I wasn't sure how much Everett would actually be able to absorb at only 11 months old, but I have been delightfully surprised. Watching his eyes light up when we decorated the tree and him trying to sing along to Christmas carols made my mommy heart nearly explode! We opened gifts with my parents over the weekend, and he definitely had fun with all the tissue paper. And just like they all say, he has found equal enjoyment out of playing with the boxes as his new toys (he is currently putting his new blocks into the big box that our new coffee maker came in as I type, hehe). He surely doesn't get the concept of Santa yet, but what a happy change it has already been to be celebrating the season with a little one in the house.
Happy 11-months and Merry 1st Christmas, baby boy!
Oh, about the cake! I almost got so carried away rambling about my little love-bug, that I nearly forget to talk about the fantastic flavours of this incredible cake. For my last cake of 2015, I wanted to create something extra special. And although the cake layers are only vanilla, they are anything but ordinary. This vanilla bean butter cake is the only white cake you will ever need. It is velvety, moist, and full of flavour!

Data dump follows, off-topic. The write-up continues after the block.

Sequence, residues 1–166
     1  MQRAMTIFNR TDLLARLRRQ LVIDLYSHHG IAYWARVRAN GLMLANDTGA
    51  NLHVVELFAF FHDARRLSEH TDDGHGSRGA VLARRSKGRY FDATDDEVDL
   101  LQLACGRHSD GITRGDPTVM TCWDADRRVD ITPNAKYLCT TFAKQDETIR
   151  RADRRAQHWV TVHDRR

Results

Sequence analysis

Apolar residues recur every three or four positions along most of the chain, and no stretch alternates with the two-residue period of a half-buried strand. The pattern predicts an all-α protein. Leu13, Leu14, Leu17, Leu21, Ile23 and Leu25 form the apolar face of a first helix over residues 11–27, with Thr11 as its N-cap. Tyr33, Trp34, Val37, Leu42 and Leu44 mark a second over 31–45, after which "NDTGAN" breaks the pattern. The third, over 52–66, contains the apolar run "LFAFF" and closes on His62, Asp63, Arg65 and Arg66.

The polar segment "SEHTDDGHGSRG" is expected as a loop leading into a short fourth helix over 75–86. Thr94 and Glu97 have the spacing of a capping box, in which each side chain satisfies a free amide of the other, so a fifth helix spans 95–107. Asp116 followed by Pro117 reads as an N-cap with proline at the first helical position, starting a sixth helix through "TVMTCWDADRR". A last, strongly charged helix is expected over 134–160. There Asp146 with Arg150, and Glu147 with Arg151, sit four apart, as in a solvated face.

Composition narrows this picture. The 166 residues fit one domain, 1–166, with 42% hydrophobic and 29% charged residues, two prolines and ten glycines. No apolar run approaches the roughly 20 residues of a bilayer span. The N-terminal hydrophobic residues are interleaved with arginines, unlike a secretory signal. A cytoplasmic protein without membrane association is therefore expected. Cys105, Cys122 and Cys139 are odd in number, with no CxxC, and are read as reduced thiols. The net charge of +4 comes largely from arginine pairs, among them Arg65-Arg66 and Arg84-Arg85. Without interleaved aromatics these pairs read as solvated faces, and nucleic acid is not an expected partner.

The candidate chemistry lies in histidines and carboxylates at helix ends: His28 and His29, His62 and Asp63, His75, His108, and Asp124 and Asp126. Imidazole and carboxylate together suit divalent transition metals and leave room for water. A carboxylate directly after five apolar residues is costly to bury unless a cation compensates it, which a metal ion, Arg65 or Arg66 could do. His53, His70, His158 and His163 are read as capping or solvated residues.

For the filling, I made my own gingersnap cookie butter then folded into a delightfully whipped vanilla bean frosting. Did you hear that? Gingersnap Cookie Butter!!!! I got hooked on Trader Joe's cookie butter years before me moved to Canada. Since we don't have TJ's up here, I thought I'd make my own. For Christmas, I whizzed up some gingersnaps in the blender and turn them into a spiced cookie spread. Instead of stopping there, I turned it into a buttercream filling.
If you've been reading this blog for even just a few months, then you probably know how much I rave about Swiss Meringue Buttercream. It is so smooth and not too sweet - although fairly labor intensive. I've been making this type of buttercream ever since I ran my bakery, The Frosted Cake Shop, so I've gotten used to gently heating the egg whites and making meringue. I've always turned my nose up to American buttercream since I typically find it to be too sweet and the texture too thick. Well folks, something clicked and I have new found love for American Buttercream. They key factor? Letting it whip until light, fluffy perfection! Taking the time to let the air get worked in really lightens up the buttercream and makes it smooth enough to ice a cake.